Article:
The Rotherham livery application with a black mudguard on the nearside and a cream panel on the offside accentuates the asymmetrical front end. Even from the back the Park Royal body looked ugly and overly heavy, whereas the Crossley, with that outstanding emergency window, appeared very classy and well thought out.But then any livery application would have struggled to disguise this dog’s breakfast of a design. A friend on Merseyside used to joke that Park Royal built the Bridgemaster bodies in one continuous line, and a set of shears simply came down every 30′-0" and chopped one off! The first few pre-production Bridgemasters were built at the Erwood Crossley factory and looked a good deal better.Behind is Park Royal-bodied AEC Bridgemaster 139 (VET 139), just a year old when this picture was taken.In an article in ‘Buses Illustrated’ in June of the previous year on the conversion of the Mexborough and Swinton trolleybuses to diesel buses, and which were operated in conjunction with Rotherham Corporation, the writer Terry Shaw commented that he’d always considered that Mexboro’s Brush-bodied Sunbeam single-deckers were ugly until he caught sight of one of these Rotherham Bridgemasters, five of which made up Rotherham’s contribution to the trolleybus conversion scheme.It’s not hard to see what he meant, as they literally were a ‘box on wheels’ Mexboro’ chose Leyland Atlanteans, almost equally as boxy but still one up on these ‘biscuit tin’ Bridgemasters.I agree the Park Royal Bridgemasters were truly appalling in appearance.Bob Crossley was born in Northwich, Cheshire, in 1912, but grew up in Rochdale, the Lancashire town where his father, an engine fitter, worked.Crossley left school at 14 and spent the 1930s working as a coach painter and signwriter.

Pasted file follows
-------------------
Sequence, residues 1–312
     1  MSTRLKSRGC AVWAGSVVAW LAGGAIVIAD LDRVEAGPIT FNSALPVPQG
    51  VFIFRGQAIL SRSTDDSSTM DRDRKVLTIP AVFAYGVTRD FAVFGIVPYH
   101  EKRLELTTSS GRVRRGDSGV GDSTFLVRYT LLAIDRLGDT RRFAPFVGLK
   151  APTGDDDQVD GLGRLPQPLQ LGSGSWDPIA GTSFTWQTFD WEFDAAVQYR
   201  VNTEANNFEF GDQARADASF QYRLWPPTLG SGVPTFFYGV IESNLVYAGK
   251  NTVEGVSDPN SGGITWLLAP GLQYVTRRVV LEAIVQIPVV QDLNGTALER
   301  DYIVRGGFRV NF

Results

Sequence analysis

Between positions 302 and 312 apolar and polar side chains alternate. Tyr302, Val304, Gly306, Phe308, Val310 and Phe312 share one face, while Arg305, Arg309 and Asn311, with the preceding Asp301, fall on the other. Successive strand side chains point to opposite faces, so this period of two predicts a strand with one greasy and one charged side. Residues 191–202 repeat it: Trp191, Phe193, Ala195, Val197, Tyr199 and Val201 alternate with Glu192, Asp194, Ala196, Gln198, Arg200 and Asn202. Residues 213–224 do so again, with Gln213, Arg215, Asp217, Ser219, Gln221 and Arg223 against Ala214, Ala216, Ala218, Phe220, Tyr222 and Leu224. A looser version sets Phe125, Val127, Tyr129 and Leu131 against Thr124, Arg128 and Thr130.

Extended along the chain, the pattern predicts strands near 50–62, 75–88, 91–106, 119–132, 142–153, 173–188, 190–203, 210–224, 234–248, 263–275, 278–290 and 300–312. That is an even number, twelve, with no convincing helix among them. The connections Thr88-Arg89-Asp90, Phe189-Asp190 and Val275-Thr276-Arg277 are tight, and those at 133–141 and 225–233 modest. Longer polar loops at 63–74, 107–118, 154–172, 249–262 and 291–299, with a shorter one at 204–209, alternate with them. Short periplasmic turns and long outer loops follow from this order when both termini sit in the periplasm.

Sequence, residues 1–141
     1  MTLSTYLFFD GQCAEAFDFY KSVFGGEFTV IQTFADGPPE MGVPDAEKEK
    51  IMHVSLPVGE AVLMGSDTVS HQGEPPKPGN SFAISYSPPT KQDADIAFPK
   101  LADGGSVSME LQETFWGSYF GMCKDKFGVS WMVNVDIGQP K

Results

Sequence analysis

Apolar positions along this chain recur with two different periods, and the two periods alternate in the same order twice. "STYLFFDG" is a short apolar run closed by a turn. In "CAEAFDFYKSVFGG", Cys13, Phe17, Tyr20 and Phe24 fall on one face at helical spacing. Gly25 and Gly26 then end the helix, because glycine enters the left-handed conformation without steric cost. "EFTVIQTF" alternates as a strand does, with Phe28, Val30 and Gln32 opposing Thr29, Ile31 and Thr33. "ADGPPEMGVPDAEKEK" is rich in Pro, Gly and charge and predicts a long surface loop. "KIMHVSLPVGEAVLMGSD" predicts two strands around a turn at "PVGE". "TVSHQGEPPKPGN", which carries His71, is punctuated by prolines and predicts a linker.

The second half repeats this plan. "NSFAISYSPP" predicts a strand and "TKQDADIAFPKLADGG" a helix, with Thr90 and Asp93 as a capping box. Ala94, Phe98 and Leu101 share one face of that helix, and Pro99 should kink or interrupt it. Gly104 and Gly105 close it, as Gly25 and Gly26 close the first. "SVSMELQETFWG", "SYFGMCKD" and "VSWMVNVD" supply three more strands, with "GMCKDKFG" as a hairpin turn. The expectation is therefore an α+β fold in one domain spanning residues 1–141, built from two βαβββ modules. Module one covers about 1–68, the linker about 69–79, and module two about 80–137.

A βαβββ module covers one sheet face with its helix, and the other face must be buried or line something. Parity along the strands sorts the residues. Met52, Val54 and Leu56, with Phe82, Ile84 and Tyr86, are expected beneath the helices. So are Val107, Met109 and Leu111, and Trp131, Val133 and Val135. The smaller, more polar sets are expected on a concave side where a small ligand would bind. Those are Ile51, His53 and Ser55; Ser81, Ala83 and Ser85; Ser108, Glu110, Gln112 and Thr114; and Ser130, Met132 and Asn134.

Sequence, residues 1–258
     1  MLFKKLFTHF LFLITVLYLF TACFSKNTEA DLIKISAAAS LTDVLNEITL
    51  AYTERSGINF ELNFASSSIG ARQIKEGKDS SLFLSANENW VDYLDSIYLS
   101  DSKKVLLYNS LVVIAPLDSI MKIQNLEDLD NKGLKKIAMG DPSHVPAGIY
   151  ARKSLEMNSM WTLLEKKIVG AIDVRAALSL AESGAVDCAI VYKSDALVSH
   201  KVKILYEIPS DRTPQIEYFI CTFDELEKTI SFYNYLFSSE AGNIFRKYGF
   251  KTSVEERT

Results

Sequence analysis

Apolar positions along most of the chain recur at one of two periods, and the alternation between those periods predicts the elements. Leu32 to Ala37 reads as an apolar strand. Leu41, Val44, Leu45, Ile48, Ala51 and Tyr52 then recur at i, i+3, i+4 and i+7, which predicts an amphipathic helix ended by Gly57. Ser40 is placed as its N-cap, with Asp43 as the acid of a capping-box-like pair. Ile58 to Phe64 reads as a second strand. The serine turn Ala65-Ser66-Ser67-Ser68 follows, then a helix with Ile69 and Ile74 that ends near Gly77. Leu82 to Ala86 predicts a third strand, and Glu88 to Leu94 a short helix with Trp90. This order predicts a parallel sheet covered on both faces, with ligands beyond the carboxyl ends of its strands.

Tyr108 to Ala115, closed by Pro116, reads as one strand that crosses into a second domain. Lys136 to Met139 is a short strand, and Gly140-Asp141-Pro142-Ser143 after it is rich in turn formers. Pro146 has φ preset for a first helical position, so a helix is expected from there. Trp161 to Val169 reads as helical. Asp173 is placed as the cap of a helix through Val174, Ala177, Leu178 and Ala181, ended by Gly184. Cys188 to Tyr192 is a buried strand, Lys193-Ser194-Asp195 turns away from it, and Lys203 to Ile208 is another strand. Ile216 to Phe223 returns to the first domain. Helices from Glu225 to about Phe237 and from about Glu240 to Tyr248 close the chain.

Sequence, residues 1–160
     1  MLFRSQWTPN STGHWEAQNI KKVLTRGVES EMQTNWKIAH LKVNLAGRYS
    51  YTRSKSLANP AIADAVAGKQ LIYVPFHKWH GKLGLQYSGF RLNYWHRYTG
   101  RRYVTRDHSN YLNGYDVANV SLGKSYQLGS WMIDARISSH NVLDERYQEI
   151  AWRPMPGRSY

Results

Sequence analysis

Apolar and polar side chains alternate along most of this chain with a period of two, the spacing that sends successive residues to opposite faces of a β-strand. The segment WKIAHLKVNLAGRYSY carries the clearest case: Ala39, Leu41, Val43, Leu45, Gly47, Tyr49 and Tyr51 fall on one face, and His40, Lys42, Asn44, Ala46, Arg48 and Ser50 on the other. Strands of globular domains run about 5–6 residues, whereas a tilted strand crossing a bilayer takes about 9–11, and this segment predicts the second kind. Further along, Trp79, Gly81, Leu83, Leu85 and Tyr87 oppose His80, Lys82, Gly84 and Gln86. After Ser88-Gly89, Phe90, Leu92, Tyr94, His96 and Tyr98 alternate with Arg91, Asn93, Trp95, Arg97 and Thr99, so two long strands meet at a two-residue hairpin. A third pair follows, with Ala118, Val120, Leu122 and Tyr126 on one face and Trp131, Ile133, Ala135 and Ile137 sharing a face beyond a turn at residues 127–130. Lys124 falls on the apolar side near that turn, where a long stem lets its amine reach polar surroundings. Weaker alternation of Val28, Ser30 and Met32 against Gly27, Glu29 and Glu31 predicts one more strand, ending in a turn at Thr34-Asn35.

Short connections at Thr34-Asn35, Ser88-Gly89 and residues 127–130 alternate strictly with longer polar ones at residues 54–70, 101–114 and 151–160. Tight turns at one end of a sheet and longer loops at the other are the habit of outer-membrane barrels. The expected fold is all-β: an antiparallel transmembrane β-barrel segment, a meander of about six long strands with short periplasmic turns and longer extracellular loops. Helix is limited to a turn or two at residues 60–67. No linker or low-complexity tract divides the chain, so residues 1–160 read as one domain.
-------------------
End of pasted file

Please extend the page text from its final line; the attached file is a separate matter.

This was a London-area series, used from July 1911 through to December 1912 only, thus placing its registration comfortably after the introduction of the 15hp in 1910.
In response to the work of Peter Lanyon, Roger Hilton, Terry Frost and many others which he encountered in St Ives, Crossley's painting increasingly expunged references to the external world and preoccupied itself with purely technical and painterly issues.
During the 1960s and beyond, therefore, Crossley's vividly coloured and gesturally assertive pictures contributed to the power and energy of the St Ives "school".
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